Washington Approves Importing Atlantic Salmon Eggs From Iceland To Cooke Aquaculture Hatchery
Cook Aquaculture was approved to transfer 1.8 million Atlantic salmon eggs from its facility in Iceland to its land-based hatchery in Rochester, Washington.
The Washington Department of Fish and Wildlife issued a transfer permit late Tuesday, Oct. 10, after ensuring Cooke met all the fish health standards required under state law to import Atlantic salmon eggs, according to a WDFW news release.
Last week the fisheries agency approved a permit for the aquaculture company to transfer about 1 million 2-year old smolts from the Rochester hatchery to an existing net pen facility in Rich Passage near Bainbridge Island in Puget Sound. There the smolts will grow to adults for harvest and sale. The move is expected to take place through the fall.
Cooke operates net pens at eight locations in Puget Sound, including the Cypress Island Deepwater Bay facility in the San Juan Islands where one pen collapsed on Aug. 19 and released nearly 150,000 Atlantic salmon into Puget Sound and nearby waters.
After the net pen collapse, Gov. Jay Inslee directed that no permits be issued for new aquaculture net pens while the incident was being investigated.
“However, WDFW does not have the authority under current regulations to deny Cooke’s request to import healthy Atlantic salmon eggs, which will mature at the hatchery into juvenile fish and eventually be used in net pen operations,” the fisheries agency said.
Cooke had applied in mid-September for permission to move the Atlantic salmon eggs from its hatchery in Vogar, Iceland, to the company’s Scatter Creek hatchery in Rochester. The move is expected to take place later this week.
Although understanding that WDFW’s hands are legally tied, Inslee last week had publicly opposed the transfer of the salmon smolts to the company’s Rich Passage facility, saying that he hoped the company would do the right thing.
“My office has asked Cooke to do the right thing – for our tribes, for our citizens, for our environment and for the industry’s long-term prospects – and withdraw their request,” Inslee said.
WDFW issued the fish transport permit for the 2-year old smolts late Monday, Oct. 2, after working to ensure the company’s facilities at Rich Passage met structural, water quality, and fish health requirements. Staff from WDFW and the departments of Natural Resources and Ecology visited the net-pen site in late September. Ecology staff inspected the facility and did not find violations of the current water quality permit. Divers hired by DNR examined the net pens and support structures below the surface at Clam Bay along Rich Passage. The inspection did not yield grounds to deny the permit, the state said.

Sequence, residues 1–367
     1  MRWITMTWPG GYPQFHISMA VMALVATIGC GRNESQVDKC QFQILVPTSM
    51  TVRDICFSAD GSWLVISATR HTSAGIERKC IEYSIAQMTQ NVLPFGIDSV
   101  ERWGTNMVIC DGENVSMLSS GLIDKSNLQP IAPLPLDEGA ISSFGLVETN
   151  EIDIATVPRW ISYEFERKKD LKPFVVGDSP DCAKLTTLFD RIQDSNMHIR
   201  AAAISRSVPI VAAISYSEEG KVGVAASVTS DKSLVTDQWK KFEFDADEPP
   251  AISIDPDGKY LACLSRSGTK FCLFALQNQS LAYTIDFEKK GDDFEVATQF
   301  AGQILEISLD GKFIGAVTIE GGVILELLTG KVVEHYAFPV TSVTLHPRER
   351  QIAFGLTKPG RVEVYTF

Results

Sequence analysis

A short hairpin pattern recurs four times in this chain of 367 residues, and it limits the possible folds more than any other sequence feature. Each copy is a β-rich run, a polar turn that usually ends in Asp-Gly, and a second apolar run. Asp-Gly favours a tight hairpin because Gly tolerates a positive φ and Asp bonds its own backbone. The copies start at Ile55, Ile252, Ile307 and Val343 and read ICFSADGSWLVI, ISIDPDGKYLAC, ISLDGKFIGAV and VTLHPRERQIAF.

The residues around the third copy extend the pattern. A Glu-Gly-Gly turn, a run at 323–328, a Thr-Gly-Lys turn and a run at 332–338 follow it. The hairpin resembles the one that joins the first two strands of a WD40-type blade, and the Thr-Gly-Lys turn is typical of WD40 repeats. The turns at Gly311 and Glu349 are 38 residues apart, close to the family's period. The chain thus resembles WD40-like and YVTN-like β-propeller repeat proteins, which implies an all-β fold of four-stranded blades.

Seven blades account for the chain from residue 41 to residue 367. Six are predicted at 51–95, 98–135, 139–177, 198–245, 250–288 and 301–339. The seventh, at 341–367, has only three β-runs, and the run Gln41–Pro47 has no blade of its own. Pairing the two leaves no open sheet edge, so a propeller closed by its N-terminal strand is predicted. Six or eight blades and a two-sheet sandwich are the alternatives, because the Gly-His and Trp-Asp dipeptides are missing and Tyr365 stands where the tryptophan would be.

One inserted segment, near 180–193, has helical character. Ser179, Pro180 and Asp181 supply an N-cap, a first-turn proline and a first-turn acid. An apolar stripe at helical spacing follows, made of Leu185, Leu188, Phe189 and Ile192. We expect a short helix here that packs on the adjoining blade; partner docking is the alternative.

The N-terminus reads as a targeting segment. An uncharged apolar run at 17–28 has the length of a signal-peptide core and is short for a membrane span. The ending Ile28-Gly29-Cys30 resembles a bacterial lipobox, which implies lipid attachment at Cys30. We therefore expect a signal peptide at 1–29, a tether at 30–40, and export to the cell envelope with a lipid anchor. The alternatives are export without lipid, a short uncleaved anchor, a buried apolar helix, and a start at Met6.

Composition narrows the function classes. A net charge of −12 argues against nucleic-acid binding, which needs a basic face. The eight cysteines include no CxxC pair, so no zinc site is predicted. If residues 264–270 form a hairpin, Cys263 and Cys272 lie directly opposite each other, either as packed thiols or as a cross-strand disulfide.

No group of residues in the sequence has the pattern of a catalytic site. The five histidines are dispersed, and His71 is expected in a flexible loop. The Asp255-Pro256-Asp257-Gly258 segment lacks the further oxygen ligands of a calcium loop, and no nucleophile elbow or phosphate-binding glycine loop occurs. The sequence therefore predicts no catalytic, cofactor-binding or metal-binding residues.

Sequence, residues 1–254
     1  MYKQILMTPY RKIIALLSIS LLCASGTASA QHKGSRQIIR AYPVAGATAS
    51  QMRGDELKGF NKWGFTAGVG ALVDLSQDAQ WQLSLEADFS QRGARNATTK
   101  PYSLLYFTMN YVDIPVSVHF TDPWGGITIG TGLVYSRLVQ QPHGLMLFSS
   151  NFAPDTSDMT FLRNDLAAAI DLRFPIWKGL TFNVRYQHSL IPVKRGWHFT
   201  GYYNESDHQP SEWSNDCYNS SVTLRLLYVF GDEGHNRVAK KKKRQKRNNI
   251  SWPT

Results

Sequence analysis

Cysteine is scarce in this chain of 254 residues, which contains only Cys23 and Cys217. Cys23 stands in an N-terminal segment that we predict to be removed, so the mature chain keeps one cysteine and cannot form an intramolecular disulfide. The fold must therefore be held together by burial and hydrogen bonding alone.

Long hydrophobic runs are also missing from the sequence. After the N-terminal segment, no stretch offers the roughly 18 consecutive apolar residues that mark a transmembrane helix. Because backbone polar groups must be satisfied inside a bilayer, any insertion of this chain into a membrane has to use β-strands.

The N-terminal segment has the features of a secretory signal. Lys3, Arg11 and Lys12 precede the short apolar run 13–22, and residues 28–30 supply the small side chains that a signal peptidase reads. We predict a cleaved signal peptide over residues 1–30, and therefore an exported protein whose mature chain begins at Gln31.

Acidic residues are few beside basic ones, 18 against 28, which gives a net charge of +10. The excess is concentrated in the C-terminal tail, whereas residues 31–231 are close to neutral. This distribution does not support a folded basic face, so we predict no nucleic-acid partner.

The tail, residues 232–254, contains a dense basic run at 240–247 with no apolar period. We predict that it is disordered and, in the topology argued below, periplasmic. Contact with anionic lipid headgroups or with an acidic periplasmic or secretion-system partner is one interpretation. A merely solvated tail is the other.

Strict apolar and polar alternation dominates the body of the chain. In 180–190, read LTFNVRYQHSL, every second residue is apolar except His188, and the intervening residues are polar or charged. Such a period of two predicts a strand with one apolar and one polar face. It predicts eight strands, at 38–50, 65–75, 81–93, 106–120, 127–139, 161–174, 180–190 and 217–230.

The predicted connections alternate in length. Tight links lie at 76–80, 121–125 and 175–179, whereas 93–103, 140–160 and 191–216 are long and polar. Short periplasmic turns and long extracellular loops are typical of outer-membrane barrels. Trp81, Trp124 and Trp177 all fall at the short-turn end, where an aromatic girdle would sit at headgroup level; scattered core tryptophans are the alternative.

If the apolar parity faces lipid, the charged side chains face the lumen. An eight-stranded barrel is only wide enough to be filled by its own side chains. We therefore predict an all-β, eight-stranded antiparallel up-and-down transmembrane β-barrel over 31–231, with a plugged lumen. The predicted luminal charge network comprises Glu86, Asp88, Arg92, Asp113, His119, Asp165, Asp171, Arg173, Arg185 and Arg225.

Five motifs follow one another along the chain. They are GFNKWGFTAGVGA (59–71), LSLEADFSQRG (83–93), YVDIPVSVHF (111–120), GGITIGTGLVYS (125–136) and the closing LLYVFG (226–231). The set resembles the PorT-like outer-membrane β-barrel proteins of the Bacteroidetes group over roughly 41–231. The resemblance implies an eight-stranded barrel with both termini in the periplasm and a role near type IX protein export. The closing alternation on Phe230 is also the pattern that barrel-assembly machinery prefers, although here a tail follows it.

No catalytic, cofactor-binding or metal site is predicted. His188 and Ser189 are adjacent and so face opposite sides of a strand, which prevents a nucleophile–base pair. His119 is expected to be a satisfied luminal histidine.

However, this week DNR issued a default notice to Cooke for that facility. The agency issued the letter Monday, Oct. 9 and gave the company 60 days to fix flaws it found in the facility’s salmon net pens.
Cooke’s lease with DNR requires the company maintain the property in good order and repair, according to a DNR news release. An inspection contracted by DNR found that some of the surface structures of the Rich Passage net pens fail to meet that standard. Specifically, inspectors found a hole in netting and severe corrosion on several components of the facility’s above-water infrastructure.
“Given the failure of the Cypress Island facility, we have to be extra vigilant in making sure Cooke’s other existing aquaculture facilities are structurally sound,” said Commissioner of Public Lands Hilary Franz. “We cannot tolerate any risk that more Atlantic salmon will be released in Washington’s waters.”
The Cypress Island incident remains under investigation, and efforts continue to recover the fish that escaped, which is estimated to be about half of the 305,000 fish held in the net pen.
On August 24, the Wild Fish Conservancy sent a 60-day notice to Cooke notifying the company that it intends to file a citizen suit under section 505 of the federal Clean Water Act, saying that the near-complete failure of the net pen facility is resulting in discharges of farmed Atlantic salmon, dead fish carcasses and debris, among other pollutants.
— CBB, October 6, 2017, “Washington Gov. Asks Cooke Aquaculture To Withdraw Request To Transfer One Million Atlantic Salmon,” http://www.cbbulletin.com/439675.aspx
— CBB, Sept. 22, 2017, “Escaped Atlantic Salmon Continue To Be Caught; WDFW Says Fish Not Expected To Establish Themselves” http://www.cbbulletin.com/439602.aspx
–CBB, September 8, 2017, “Over Half Of Net Pen Atlantic Salmon In San Juans Escaped; Reported Catches At Columbia Mouth,” http://www.cbbulletin.com/439541.aspx
–CBB, September 1, 2017, “Fish Farm Escape: Intent To Sue Filed, Washington Sets Up Incident Command Structure To Contain,” http://www.cbbulletin.com/439510.aspx